Salvadoreans, procure rifles and cannon
from Nicaragua and in conjunction
with Nicaraguan soldiers, make an ef
fort to overthrow the government of
Salvador.
Such a war would involve Nicaragua,
Salvador and most likely Guatemala
and Costa Rica.
It is suggested that President Zeiaya
is getting ready to resist a possible at
tack from Salvador, but the influx of so
many immigrants into Nicaragua from
Salvador leads to the belief of a con
templated attack on the latter govern
ment. The coffee just gathered crop of 1893
in Nicaragua is being moved from the
plantations to the sea coast with much
greater rapidity than in former years.
This celerity is taken to indicate a de
sire to leave the laborers free to be im
pressed into the army.
ONE PLACE ENOUGH.
Rev. Dr. Swallow Cannot Accept Pro
hibition Presidential Nomination.
Hanlsburg, Pa., June 14. Rev. Dr.
Silas C. Swallow, who has been much
talked of as Prohibition candidate for
president, declares positively that he
would not accept the nomination.
Princeton Athletes SaiL
New Tork, June 14. The Princeton
athletic team to compete in the Eng
lish open championship games at Lon
don and the Olympian games at the
Paris exposition, sailed today on- the
American line steamer St. Louis.
A 'Westinghouse Dividend.
Pittsburg, Pa., June 14. The West
inghouse Air Brake directors today de
clared a 2Vi per cent, regular quarterly
dividend and 5 per cent, extra, the same
as the last. This makes a total of 3214
per cent, for the fiscal year. The books
close July 1 to 10. inclusive.
Lieut. Cilley Dead.
Washington,- June 14. Adjutant Gen
eral Corbin received a cable message
today from General MacArthur at Ma
nila saying that P'irst Lieutenant Jona
than Cilley, Forty-third volunteer in
fantry, died in the hospital at Manila
from typhoid fever. Lieutenant Cilley
passed most ot his life in this city.
Philadelphia and Return $30.00 via
Santa Fe Route.
AcPcur.t Republican National conven
tion. Tickets on sale June 14-ln-16. good
returning June 26. Choice of routes.
See T. L. King, agent, A. T. & S. F. for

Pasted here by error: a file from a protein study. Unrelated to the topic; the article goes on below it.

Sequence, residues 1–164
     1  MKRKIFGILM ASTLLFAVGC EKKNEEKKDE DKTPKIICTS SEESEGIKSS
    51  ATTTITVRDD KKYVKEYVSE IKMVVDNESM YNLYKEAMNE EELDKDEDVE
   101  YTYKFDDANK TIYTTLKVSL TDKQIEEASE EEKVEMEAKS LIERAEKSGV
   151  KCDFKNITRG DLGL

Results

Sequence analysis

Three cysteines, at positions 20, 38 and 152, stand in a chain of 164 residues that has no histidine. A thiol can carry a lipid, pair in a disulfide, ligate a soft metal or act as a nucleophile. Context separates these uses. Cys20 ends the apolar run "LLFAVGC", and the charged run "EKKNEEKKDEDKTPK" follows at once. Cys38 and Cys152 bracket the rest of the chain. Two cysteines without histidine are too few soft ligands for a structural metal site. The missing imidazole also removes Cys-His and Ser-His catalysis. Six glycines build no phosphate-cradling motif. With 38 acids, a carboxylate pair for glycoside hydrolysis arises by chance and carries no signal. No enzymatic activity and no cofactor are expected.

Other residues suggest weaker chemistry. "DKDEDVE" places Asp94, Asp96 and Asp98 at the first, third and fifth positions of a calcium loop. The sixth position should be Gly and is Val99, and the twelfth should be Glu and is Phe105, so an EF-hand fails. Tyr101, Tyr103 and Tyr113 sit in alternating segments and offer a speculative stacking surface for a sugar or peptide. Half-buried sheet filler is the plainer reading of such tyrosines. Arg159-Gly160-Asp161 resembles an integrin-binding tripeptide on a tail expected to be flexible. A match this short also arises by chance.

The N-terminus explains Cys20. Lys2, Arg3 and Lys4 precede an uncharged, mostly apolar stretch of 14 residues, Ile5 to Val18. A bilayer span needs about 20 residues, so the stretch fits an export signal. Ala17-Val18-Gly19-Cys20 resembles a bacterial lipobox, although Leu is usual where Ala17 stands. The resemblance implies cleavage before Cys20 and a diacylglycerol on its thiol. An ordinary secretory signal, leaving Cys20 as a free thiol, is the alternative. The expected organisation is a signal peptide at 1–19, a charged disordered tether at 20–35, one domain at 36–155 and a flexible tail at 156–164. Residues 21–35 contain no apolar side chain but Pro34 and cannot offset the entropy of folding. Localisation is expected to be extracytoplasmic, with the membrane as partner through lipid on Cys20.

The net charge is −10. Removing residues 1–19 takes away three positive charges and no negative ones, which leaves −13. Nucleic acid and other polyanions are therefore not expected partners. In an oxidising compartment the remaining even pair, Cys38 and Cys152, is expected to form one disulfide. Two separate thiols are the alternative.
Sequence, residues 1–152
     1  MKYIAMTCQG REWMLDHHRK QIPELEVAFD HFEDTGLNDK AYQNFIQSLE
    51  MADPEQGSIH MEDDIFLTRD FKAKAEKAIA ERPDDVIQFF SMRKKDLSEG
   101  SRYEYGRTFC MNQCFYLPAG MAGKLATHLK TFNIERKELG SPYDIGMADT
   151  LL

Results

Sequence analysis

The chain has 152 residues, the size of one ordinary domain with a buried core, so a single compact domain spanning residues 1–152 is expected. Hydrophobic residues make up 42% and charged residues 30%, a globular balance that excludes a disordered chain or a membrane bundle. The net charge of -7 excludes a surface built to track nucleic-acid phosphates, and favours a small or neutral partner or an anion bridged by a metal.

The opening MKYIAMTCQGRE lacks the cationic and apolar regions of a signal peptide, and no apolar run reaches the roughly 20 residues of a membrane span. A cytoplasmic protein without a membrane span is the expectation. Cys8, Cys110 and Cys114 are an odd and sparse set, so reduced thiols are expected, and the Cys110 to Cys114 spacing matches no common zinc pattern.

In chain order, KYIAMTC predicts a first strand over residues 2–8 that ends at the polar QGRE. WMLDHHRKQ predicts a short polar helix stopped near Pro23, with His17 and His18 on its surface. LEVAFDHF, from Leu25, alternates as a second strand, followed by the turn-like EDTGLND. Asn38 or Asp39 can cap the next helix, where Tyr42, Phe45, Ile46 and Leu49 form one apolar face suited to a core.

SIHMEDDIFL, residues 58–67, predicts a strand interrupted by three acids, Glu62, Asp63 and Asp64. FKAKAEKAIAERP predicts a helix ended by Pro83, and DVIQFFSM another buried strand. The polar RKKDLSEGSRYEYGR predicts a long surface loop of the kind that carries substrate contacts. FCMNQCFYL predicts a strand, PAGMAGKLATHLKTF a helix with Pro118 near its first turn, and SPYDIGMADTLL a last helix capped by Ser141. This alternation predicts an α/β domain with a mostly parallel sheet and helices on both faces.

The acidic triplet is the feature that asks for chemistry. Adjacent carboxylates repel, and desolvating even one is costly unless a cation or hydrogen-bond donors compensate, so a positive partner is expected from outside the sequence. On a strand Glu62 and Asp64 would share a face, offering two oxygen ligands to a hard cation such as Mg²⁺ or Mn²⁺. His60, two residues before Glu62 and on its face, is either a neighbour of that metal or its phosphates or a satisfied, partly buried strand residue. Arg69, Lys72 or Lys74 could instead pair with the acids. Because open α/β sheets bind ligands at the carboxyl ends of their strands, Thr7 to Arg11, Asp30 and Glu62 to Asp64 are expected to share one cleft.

particulars.
E. 3. DeMOSS. L. M. PESWELL.
DeMOSS &
PENWELL
Funeral Directors
and Embalmers.
First-Class Service at reason
able prices.
SiiQuincy St., Topeka, Kan.
Telephone io-
Co.,7i3-7i5 Ks.Av.
Mm
Stop
Paying Rent.
Do you know that
in 10 or 12 years
money paid for rent
would buy the place?
Figure it up and see.
The Shawnee Building
and Loan Association
Will loan you money
- to help buy a place.
Tou can pay it back
in monthly installments.
Go talk it over with
Eastman, at
115 WEST SIXTH ST.
I
A Skin of Beauty Is a Joy Foreyer."
DR. T. FELIX GOURATJD S OEIENTAl
CREAM, OB MAGICAL BEAUTIFIED.
Purities its well as Beautities the Skin S
other cosmetic will do it.
Eeraoves Tan,
Pimp es.' Freck
les, Moth Patch.
et. hash and
S-k ji (iise.i-.ea,
and eery l-ietn-ili
on Ue&uty,
gnu denes de
tection. it Das
stood the tstof
b'l years, and is
so "harmiess wo
taste It to ba
sure it is prop
erly made. A c
cei't no counter
feit ot similar
names. lr. i
a. .--avre saia to a ,auy 01 ie uai-iuii
tieut): "As you ladies wilt use them. 1 recom
mend -Gouraud's Cream' as the least harmful
of all skin preparations." lor sale by a l
Druitgisis and 1-ancy Goods Dealers in the U.
B..Canadas. and Kurope. FKRD. T. HOFK.IN3.
rrop'r. al Great Jones at.. . i'.
Some one in
t Emporia,
Council
Grove,
Junction City, Abilene, Salina
and Manhattan to handle the
Oxygenor. Some one that can
give at least part of his or her
time to the work.
Kansas Oxygenor Co.,
S35 Zazsas Ave., Topeka, Zas.
ROCK ISLAND ROUTE.
Philadelphia and Return $30.00.
Tickets on sale June 14. 15 and 16th;
final return limit June 26th.
Chicago and Return $14.00. Tickets on
sate June 2S, 26 and 27: final return lim
it Juiy 3rd. See A. M. Fuller for full
particulars.
Tourist Rates to Colorado and Utah.
Tickets will be sold from points of
Missouri Pacific to TJenver, Colorado
Springs and Pueblo, Colo., and Salt
Lake and Ogden, Utah, June 1st to Sep
tember 15th, at greatly reduced rates.
See nearest ticket agent or write
H. C. TOWNSESD, G. P. & T. A..
St. Louis, Mo.
F. B. NIPPS, Agent,
Topeka, Kansas.
Awnings. The best in the world;
(made of wood, awning and blind com
bined) to be seen at and sold by J.
Thomas Lumber Co.. 14 Van Buren
street.
Small In size and great in results are
De Witts's Little Early Risers, the fam
ous little pills that cleanse the liver and
bowels. They do not gripe. All drus
stores.
Everything in our store very cheap on
account of rebuilding our store.
T. J. COUGHLIN HARDWARE CO.
Philadelphia and Return $30.00 via
Santa Fe Route.
Account Republican National conven
tion. Tickets on sale June 14-15-16, good
returning June 26. Choice of routes.
See T. L. Kir.g, agent, A. T. & S. F. for
particulars.
Wanted